Informatics 45 (2012) 544–556

5
Tan J, editor. E-Healthcare information systems: an introduction for students and
professionals. Jossey-Boss; 2005. ISBN 13 978-0-7879-6618-8

 

6
 Tan J. E-health prospects: mobile
health, virtual reality and consumer driven ehealth systems. In: E-healthcare
information systems: an introduction for students and professionals.
Jossey-Boss; 2005. p. 523–53. ISBN 13 978-0-7879-6618-8.

 

7  Eysenbach G. What is e-health? J Med Internet
Res 2001;3(2) June 18.

 

8
Istepanian RSH, Pattichis CS, Laxminarayan S. Ubiquitous M-health systems and
the covergence towards 4G mobile technologies. In: M-health: emerging mobile
health systems. Springer; December 2005. p. 3–14

 

9https://www.informationweek.com/mobile/remote-patient-monitoring-9-promising-technologies/d/d-id/1110968?page_number=5

 

10 https://www.vivifyhealth.com

 

11https://getreferralmd.com/2016/01/healthcare-technology-2016/

12
Priyanka Kakria, N.K.Tripathi, Peerapong Kitipawang : A Real-Time Health
Monitoring System for Remote Cardiac Patients Using Smartphone and Wearable
Sensors; International Journal of Telemedicine and Applications Volume 2015,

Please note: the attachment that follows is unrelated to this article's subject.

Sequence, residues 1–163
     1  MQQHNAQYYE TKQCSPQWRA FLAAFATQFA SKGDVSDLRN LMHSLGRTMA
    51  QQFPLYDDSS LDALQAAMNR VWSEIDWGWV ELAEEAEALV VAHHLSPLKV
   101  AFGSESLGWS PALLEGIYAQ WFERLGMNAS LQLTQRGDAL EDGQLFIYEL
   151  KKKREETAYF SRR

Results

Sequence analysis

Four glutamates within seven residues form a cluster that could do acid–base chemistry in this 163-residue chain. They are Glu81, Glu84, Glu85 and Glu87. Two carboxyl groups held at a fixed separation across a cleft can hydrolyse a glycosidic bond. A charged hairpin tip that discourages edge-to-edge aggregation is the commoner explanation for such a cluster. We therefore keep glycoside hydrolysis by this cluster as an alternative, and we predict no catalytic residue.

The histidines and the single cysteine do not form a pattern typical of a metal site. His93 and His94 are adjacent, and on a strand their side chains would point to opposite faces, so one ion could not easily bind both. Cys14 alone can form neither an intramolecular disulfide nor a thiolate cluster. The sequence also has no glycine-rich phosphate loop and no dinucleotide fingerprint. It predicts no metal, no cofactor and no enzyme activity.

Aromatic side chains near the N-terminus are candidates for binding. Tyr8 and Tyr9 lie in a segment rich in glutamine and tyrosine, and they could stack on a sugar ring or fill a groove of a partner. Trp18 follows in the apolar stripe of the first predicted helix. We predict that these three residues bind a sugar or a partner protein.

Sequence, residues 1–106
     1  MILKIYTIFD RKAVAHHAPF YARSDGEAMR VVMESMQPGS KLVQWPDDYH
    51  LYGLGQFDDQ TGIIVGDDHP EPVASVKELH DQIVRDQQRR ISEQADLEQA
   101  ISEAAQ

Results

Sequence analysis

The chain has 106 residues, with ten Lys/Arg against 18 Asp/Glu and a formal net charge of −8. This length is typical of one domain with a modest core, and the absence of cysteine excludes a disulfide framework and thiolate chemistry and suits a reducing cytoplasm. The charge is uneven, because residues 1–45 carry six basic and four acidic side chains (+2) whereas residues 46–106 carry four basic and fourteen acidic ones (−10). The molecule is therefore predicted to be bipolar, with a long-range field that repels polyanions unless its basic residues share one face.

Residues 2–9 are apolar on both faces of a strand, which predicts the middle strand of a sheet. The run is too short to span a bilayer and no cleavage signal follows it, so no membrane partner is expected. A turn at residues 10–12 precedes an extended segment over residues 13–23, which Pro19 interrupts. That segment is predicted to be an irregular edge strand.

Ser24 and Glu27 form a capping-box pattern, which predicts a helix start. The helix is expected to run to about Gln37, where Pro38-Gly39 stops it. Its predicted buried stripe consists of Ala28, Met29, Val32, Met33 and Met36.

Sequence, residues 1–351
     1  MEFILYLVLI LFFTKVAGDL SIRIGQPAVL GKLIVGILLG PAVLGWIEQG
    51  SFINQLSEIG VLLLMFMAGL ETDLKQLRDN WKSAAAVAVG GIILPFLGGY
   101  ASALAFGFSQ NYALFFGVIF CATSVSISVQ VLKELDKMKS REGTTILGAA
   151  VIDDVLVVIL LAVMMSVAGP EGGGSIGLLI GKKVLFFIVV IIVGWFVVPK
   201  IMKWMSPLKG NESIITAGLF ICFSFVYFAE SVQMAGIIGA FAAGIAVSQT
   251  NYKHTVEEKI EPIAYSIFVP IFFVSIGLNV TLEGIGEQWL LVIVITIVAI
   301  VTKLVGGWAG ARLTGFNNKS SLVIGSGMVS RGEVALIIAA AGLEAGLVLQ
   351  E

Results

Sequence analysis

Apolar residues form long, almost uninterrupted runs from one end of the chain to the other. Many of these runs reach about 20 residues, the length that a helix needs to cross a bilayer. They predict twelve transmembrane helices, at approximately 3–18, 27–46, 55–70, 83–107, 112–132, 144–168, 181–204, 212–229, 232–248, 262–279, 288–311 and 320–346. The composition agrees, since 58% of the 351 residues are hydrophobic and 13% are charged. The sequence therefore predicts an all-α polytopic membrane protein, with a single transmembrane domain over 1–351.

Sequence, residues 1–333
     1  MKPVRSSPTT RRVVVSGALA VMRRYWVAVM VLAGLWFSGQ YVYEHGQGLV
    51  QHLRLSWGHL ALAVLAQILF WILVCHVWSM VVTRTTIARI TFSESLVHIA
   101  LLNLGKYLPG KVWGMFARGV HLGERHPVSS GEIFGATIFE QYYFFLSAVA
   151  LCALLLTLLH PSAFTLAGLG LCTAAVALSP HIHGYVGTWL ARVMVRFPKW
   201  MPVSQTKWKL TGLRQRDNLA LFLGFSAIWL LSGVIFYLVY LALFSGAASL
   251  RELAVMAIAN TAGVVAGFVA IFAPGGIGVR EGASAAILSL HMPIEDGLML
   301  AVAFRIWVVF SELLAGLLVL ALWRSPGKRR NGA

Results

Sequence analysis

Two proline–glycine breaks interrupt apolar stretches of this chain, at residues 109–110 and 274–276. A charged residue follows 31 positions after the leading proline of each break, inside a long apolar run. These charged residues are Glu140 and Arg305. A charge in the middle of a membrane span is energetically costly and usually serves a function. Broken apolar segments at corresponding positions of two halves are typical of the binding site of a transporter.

Article ID 373474

 

13
W. H. Organization, Global Status
Report on Noncommunicable Diseases 2010, World Health Organization, Geneva,
Switzerland, 2011.

 

14 Lin
YH, Jan I, Ko PC, Chen Y, Wong J, Jan G. A wireless PDA-based physiological monitoring
system for patient transport. IEEE Trans Inf Technol Biomed 2004;8(4).

 

15
Leijdekkers P, Gay V, Barin E. Feasibility study of a non invasive cardiac

rhythm
management system. IJARS – Int J Assist Robot Syst 2010 special edition.

 

16
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Halteren AT, Bults R, Wac K, Konstantas D, Widya I, Dokovsky N, et al. Bile patient
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17
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18
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for telemedicine. In: 8th Pacific Rim conference on multimedia (PCM 2007), Hong
Kong, China: Springer Verlag; 11–14, December 2007. p. 590–9.

ISBN
978-3-540-77254-5.

 

19
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project deliverable; March 2003

 

20
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made
feasible through use of EIS platforms. In: IMTC 2003 –

Instrumentation
and measurement technology conference, Vail, CO, USA;

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May 2003

 

21
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ServiceS.
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2005

 

22
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Biosignal
and context monitoring: distributed multimedia applications of

body
area networks in healthcare. In: Proceedings of the 2008 IEEE 10th

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23 Myotel: Myofeedback based teletreatment service.

accessed 07.19.10, archived by WebCite_ at .